Monday, August 23, 2010 at 10:29 a.m.
Federal workplace safety officials have fined SeaWorld $75,000 following an investigation into the death of a trainer at the company’s Orlando park six months ago.
The U.S. Occupational Safety and Health Administration issued a “willful” citation to SeaWorld for exposing its employees to “struck-by” and drowning hazards when interacting with killer whales. The agency defines a willful violation as “one committed with plain indifference to or intentional disregard for employee safety and health.”
OSHA officials said their investigation showed SeaWorld trainers had a long history of “unexpected and potentially dangerous incidents” involving killer whales, or orcas. “Despite this record, management failed to make meaningful changes to improve the safety of the work environment for its employees,” the agency said in a statement.
SeaWorld has 15 days to contest the citations before the independent Occupational Safety and Health Review Commission. The company said in a blog post that it will challenge what it calls unfounded allegations.
Tilikum, a 12,000-pound male orca, killed veteran trainer Dawn Brancheau, 40, in front of about two dozen spectators on Feb. 24, fueling a national debate about keeping the giant carnivores in captivity.
OSHA’s investigation said video footage shows the killer whale repeatedly striking and thrashing the trainer, and pulling her under water as she tried to escape. The autopsy report described the cause of death as drowning and traumatic injuries.
After Brancheau’s death, a theory emerged that Tilikum may have seen the trainer’s ponytail as a toy and pulled her into the tank. When the incident started, Brancheau was on a submerged shelf, patting and hugging the whale after a noon show.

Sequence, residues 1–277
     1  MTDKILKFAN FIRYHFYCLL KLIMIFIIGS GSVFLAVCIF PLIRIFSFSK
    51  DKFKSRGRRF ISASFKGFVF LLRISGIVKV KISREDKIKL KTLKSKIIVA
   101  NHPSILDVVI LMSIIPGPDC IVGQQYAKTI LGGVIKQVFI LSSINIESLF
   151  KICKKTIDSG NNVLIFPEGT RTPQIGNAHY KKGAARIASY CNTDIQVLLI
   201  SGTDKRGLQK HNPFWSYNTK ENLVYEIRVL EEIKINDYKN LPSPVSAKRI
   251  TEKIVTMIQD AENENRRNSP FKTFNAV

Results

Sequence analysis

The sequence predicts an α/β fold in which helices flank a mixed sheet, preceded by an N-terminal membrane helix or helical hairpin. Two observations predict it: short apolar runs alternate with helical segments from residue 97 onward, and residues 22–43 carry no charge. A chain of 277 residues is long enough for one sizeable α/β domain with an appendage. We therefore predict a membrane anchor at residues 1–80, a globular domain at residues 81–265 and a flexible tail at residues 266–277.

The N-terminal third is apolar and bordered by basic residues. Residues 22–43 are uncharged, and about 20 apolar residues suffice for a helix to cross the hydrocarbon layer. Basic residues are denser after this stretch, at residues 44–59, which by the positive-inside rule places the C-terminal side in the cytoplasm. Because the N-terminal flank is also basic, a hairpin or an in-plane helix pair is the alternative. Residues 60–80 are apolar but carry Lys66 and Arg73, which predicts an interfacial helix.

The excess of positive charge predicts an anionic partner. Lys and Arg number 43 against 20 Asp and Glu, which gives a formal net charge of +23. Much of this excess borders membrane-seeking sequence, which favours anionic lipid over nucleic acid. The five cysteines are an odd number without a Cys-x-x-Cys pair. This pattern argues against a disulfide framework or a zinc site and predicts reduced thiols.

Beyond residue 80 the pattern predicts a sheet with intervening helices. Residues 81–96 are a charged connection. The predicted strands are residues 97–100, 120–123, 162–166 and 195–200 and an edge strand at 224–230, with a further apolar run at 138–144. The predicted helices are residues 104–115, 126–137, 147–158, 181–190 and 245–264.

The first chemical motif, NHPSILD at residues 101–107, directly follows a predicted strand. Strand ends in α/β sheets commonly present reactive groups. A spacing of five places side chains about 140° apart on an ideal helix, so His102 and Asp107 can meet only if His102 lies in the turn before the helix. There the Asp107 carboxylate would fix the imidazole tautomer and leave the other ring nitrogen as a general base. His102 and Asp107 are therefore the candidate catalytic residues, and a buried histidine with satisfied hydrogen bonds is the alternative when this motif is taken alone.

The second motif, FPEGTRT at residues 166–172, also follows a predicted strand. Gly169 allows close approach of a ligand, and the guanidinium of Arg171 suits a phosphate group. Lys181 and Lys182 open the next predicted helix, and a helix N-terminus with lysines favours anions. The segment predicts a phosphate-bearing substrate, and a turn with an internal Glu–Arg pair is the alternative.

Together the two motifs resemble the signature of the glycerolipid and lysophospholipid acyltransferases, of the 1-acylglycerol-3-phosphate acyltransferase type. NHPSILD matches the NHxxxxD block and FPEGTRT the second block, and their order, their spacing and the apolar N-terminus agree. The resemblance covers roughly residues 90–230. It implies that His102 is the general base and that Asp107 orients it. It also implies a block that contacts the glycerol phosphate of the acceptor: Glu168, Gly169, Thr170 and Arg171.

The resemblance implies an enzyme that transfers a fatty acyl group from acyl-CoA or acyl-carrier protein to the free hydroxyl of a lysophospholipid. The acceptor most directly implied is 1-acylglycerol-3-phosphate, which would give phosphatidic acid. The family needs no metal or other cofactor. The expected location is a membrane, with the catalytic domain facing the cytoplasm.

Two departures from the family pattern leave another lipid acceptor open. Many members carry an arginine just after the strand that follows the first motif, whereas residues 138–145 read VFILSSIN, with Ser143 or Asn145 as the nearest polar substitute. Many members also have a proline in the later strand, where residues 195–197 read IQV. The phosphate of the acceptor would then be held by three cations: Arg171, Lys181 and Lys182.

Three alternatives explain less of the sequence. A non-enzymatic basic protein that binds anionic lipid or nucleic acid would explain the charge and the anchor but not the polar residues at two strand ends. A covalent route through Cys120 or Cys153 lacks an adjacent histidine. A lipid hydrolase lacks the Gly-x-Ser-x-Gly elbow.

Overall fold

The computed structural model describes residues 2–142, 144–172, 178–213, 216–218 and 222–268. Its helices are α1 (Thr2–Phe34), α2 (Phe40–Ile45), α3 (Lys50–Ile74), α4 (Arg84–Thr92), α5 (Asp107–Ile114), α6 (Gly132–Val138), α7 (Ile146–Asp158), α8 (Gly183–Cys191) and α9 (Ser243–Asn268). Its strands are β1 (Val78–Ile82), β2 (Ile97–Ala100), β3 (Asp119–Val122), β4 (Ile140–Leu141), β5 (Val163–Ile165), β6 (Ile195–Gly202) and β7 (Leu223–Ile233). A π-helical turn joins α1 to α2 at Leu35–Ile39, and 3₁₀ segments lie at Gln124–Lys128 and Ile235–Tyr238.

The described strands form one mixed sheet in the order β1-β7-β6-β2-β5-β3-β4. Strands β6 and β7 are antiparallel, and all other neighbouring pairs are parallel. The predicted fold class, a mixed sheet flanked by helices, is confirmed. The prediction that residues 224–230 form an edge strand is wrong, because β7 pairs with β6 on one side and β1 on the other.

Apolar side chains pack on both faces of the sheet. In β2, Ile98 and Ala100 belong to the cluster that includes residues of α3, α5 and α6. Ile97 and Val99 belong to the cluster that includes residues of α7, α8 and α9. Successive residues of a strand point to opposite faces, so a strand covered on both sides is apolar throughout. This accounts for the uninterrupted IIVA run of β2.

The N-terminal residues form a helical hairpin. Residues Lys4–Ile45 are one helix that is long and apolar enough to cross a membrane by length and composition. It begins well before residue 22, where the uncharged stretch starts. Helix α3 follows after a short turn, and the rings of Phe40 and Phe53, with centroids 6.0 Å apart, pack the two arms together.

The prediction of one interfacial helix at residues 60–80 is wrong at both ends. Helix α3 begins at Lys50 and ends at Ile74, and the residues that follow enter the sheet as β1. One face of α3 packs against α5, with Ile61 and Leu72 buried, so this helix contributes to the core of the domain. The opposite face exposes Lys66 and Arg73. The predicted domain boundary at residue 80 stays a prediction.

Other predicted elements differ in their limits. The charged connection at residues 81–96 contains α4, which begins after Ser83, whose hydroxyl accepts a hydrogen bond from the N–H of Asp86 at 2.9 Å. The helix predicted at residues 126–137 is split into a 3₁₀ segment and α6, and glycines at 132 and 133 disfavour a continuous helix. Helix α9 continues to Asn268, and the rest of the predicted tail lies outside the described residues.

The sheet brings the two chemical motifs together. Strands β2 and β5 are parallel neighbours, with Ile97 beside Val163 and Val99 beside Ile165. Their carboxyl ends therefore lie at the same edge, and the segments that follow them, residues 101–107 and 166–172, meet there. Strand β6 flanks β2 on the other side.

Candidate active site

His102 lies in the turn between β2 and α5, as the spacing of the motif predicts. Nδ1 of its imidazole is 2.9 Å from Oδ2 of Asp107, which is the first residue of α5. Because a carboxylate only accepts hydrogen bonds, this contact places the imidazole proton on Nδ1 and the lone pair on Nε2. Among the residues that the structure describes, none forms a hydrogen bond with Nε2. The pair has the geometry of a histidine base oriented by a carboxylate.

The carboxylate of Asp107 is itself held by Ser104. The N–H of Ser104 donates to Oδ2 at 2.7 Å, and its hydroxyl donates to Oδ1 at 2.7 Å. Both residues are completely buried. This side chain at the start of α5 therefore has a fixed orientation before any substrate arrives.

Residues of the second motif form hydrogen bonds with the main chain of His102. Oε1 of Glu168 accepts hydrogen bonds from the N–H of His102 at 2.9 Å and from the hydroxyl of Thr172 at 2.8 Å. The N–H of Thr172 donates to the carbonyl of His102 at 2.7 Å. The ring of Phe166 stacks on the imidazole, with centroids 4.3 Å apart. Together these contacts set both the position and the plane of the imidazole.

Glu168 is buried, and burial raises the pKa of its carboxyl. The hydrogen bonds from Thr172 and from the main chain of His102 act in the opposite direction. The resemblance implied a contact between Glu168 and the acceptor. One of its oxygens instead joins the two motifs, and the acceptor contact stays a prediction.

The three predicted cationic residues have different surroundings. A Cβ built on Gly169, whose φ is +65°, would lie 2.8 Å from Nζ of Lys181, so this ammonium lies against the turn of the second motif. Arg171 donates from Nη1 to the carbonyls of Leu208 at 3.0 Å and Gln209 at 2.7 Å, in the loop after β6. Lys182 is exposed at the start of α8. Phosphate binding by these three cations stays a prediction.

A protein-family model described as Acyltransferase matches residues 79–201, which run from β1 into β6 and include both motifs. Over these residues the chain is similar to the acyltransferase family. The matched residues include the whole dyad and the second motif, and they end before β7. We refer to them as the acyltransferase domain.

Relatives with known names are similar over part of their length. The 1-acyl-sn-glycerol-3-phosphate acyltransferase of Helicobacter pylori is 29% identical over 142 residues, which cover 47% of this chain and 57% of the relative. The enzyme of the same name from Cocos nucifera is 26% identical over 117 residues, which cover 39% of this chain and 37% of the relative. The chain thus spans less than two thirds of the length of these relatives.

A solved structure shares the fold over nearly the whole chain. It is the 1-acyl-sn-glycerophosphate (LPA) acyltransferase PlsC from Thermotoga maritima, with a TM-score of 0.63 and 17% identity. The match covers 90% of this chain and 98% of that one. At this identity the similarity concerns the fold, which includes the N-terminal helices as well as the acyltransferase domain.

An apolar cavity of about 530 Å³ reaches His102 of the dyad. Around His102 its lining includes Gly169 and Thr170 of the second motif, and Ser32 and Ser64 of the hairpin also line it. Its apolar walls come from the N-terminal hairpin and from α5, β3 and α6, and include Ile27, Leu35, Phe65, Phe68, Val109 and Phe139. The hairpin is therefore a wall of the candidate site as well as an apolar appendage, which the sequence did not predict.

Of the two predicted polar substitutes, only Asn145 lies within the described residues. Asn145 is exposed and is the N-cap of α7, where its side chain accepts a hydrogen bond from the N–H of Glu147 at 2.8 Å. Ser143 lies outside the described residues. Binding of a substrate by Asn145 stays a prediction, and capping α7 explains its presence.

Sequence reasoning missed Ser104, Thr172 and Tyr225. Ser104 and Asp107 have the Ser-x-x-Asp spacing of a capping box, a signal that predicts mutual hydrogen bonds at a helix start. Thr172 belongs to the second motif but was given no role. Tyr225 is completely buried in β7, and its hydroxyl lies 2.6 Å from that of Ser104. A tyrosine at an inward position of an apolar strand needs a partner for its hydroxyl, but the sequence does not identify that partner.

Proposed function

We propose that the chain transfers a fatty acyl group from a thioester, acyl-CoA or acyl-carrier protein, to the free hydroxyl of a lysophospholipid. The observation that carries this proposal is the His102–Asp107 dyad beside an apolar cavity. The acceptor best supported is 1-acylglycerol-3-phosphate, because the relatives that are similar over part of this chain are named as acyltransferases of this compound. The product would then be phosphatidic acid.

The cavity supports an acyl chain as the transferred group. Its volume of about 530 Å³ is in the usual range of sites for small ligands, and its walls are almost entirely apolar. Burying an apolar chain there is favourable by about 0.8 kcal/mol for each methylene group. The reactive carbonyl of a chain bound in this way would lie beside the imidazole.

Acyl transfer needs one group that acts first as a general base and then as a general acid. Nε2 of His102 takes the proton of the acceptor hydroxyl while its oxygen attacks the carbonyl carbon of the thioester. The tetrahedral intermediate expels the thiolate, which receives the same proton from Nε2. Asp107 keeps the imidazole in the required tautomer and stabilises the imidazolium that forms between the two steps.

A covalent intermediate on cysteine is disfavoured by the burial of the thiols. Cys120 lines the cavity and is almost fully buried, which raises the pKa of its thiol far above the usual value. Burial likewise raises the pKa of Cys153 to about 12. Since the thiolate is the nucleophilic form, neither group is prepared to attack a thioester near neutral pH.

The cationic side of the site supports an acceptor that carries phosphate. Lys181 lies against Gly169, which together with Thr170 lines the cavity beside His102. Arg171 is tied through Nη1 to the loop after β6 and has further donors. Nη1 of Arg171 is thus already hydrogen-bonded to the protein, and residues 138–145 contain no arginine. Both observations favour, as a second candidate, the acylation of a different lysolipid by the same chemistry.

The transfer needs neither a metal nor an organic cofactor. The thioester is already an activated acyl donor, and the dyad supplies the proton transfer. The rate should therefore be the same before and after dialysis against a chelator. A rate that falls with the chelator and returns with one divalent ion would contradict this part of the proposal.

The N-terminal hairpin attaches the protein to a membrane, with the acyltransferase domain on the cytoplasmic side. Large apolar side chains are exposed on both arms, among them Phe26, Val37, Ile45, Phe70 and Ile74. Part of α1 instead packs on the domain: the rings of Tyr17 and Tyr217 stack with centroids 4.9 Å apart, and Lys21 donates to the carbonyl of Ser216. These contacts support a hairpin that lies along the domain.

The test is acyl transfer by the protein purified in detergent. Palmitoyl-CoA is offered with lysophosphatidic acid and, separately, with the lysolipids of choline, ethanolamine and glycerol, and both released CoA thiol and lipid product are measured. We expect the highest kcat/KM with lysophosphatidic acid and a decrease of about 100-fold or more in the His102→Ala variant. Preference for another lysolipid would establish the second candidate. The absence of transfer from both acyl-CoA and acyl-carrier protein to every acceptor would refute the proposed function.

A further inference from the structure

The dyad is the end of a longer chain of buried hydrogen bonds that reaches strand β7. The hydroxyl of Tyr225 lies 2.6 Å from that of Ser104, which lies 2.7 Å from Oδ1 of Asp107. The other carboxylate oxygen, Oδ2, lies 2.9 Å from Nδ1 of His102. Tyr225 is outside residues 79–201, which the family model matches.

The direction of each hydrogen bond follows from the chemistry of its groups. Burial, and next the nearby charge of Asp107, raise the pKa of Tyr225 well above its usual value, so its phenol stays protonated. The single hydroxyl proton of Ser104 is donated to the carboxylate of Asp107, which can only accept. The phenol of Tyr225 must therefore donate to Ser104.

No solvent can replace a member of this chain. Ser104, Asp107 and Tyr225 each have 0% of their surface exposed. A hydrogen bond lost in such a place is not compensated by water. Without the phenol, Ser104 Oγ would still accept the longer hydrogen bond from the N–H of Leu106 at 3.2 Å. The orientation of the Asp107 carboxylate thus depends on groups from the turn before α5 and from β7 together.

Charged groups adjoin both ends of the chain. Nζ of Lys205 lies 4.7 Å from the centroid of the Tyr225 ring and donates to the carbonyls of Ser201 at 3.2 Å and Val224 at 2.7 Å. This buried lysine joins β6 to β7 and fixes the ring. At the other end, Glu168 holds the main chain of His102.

The February fatality wasn’t the first that involved Tilikum. He was one of three orcas blamed for killing a trainer who fell into their pool 19 years ago in British Columbia.
Tilikum also was involved in a 1999 death, when the body of a man who had sneaked by SeaWorld Orlando security was found draped over him. The man either jumped, fell or was pulled into the frigid water and died of hypothermia, although he also was bruised and scratched by Tilikum.
Killer whales have a history of aggressive behavior in captivity going back at least to 1971. That’s when a SeaWorld San Diego secretary riding the original Shamu for a publicity stunt suffered lacerations and puncture wounds when she was tossed into the water and seized by her legs.
Four years ago, SeaWorld San Diego trainer Ken Peters was bitten on the foot by Kasatka, a 5,000-pound female killer whale. Kasatka took Peters to the bottom of the tank twice during a performance, fracturing his left foot.
California’s Division of Occupational Safety and Health, known as CalOSHA, issued an 18-page report after that incident.Recent News
no fees unless we recover money on your behalf
"They are experts in what they do and are a pleasure to work with."
No Fees Unless We Recover Money On Your Behalf